Nebraska's Ted Kooser, U.S. poet laureate from 2004 to 2006, offers “American Life in Poetry,” a column on contemporary poetry.
Mark Sanders, who lives in Texas, is not only a good poet, but he's an old friend to the poetry of my home ground, working hard as teacher, editor and publisher to bring Great Plains poetry to the attention of readers across the country. Here's an example of one of his poems.
The Cranes, Texas January
I call my wife outdoors to have her listen,
to turn her ears upward, beyond the cloud-veiled
sky where the moon dances thin light,
to tell her, “Don't hear the cars on the freeway—
it's not the truck-rumble. It is and is not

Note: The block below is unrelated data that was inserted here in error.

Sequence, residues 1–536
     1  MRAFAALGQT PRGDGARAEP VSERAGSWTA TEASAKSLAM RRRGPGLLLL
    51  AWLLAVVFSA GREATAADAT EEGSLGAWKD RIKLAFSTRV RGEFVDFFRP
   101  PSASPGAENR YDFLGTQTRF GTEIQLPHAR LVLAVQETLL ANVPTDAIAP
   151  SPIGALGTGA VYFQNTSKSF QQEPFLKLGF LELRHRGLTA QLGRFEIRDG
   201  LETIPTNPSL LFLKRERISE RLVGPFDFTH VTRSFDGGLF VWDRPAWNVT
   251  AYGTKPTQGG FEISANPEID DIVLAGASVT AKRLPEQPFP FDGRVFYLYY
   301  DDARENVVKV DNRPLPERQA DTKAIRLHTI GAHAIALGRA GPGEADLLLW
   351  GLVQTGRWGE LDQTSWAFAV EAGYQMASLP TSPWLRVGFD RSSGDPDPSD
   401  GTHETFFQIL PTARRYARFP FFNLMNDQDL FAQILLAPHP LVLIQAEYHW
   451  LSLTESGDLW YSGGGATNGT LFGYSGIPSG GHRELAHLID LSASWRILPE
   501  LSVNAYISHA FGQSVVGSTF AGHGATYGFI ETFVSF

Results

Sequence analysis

the sirens.” She stands there, on deck
a rocking boat, wanting to please the captain
who would have her hear the inaudible.
Her eyes, so blue the day sky is envious,
fix blackly on me, her mouth poised on question
like a stone. But, she hears, after all.
January on the Gulf,
warm wind washing over us,
we stand chilled in the winter of those voices.
Poem copyright ©2011 by Mark Sanders from his most recent book of poems, “Conditions of Grace: New and Selected Poems,” Stephen F. Austin State University Press, 2011. Poem reprinted by permission of Mark Sanders and the publisher. Introduction copyright © 2013 by The Poetry Foundation.